A United Nations court has found that the United States violated an international treaty and the court's own order when a Mexican national was executed last year in a Texas prison.
The International Court of Justice (ICJ) issued a ruling Monday in an unusual case that pitted President Bush against his home state in a dispute over federal authority, local sovereignty and foreign treaties. Mexico had filed a formal complaint against U.S. state and federal officials
"The United States of America has breached the obligation incumbent upon it" to stop the execution, the ICJ announced in a unanimous opinion.
The Medellin story was the most popular one over at the old Wordpress Blog. Unfortunately, my opinion of opposition to the death penalty was in the minority. With the International Court of Justice's decision, we're once again faced with big questions. Is the United States somehow above the law? Can we do what we want with respect to terrorists and murderers? Can we torture them, violating international treaties? Can we execute them in violation of other treaties?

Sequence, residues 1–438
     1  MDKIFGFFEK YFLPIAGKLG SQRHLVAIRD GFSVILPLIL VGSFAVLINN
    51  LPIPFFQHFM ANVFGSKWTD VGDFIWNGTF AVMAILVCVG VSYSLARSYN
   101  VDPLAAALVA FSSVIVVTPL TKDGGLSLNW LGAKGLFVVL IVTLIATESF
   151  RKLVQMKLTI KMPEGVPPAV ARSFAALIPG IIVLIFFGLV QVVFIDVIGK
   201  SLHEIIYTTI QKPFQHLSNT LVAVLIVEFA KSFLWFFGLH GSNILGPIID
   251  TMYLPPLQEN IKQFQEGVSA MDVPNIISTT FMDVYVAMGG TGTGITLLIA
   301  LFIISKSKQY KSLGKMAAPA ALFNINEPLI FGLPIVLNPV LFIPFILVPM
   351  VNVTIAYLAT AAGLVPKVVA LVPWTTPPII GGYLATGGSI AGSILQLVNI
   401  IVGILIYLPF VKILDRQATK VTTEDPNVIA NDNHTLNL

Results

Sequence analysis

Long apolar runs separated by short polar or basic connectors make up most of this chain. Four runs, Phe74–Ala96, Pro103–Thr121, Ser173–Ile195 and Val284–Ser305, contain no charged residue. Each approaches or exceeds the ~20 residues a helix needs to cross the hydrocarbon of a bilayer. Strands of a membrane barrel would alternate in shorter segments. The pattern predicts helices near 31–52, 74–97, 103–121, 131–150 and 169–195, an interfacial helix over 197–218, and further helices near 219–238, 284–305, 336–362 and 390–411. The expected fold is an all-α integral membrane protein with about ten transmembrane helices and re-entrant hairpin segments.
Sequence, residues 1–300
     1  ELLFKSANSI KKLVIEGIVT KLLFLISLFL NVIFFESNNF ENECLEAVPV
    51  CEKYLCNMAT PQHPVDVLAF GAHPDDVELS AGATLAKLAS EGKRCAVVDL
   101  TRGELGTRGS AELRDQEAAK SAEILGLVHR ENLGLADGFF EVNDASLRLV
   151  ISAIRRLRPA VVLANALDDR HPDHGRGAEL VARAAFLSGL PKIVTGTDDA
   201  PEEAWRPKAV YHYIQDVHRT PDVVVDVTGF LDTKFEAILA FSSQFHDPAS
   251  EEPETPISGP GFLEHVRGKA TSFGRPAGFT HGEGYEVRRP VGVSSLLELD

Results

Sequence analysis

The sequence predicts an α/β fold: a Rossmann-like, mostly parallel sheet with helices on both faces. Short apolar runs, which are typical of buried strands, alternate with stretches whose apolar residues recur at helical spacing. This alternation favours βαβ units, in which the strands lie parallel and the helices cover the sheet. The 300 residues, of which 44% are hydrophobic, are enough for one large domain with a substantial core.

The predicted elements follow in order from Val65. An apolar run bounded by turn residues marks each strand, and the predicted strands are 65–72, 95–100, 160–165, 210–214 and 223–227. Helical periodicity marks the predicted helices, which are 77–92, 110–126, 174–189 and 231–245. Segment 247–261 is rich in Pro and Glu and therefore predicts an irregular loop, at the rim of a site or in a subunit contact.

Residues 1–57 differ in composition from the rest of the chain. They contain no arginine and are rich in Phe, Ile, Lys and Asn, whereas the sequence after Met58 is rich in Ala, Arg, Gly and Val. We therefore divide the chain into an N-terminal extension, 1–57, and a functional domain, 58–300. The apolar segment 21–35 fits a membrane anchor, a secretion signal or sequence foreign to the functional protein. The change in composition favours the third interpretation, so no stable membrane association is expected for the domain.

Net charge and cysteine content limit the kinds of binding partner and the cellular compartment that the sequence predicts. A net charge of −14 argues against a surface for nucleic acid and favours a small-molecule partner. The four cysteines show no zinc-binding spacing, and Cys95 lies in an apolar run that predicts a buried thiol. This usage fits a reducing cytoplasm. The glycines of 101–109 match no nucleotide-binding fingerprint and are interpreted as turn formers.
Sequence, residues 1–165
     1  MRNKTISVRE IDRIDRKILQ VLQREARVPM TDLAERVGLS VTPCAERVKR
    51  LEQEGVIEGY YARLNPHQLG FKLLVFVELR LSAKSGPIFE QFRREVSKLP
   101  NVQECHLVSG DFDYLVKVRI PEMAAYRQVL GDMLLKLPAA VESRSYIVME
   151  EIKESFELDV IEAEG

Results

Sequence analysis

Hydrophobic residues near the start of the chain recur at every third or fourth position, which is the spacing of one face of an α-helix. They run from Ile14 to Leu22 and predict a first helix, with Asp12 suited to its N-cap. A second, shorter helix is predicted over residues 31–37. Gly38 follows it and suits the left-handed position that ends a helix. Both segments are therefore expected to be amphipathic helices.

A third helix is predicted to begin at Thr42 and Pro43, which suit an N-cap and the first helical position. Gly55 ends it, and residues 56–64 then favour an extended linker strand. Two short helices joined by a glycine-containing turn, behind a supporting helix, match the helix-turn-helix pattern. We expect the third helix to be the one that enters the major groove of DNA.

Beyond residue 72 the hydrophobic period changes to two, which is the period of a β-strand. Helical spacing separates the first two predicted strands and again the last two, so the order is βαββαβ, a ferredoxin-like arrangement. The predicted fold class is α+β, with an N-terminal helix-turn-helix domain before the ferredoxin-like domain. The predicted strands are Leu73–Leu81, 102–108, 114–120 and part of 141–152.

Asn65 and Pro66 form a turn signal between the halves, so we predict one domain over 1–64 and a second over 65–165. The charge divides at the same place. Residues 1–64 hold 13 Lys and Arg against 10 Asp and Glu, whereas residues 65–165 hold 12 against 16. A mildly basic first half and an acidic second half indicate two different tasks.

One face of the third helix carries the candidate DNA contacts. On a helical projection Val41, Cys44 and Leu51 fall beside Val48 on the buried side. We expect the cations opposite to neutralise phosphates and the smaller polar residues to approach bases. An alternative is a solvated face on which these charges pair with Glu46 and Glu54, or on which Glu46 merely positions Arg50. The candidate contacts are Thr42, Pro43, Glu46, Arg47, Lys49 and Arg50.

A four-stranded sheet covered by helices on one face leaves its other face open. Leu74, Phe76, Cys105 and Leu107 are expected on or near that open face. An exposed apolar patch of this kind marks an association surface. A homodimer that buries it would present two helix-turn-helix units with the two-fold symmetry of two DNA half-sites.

The Latin Americanist posted a very thorough résumé of the Medellin case, but as usual the comments were predominantly pro-capital punishment, spearheaded by Dudley Sharp.
Mr. Sharp, who has written extensively in favor of capital punishment and claims to formerly have opposed the death penalty, as if that gives his present position more credibility, is a refreshing change from many of the furious ranting commenters who cry out for vengeance. I frankly have a hard time understanding both. Dudley has all the legal and historical information at his fingertips, but doesn't seem to understand my idea that if killing is wrong, then it's wrong. We can't tell the regular folks not to kill and then, as the State, do it ourselves. The ranting people are another story. They often remind me of the very ones they say should be put to death.
What's your opinion? Is capital punishment good for a society? Does it deter crime? Does it serve justice?
Please leave a comment.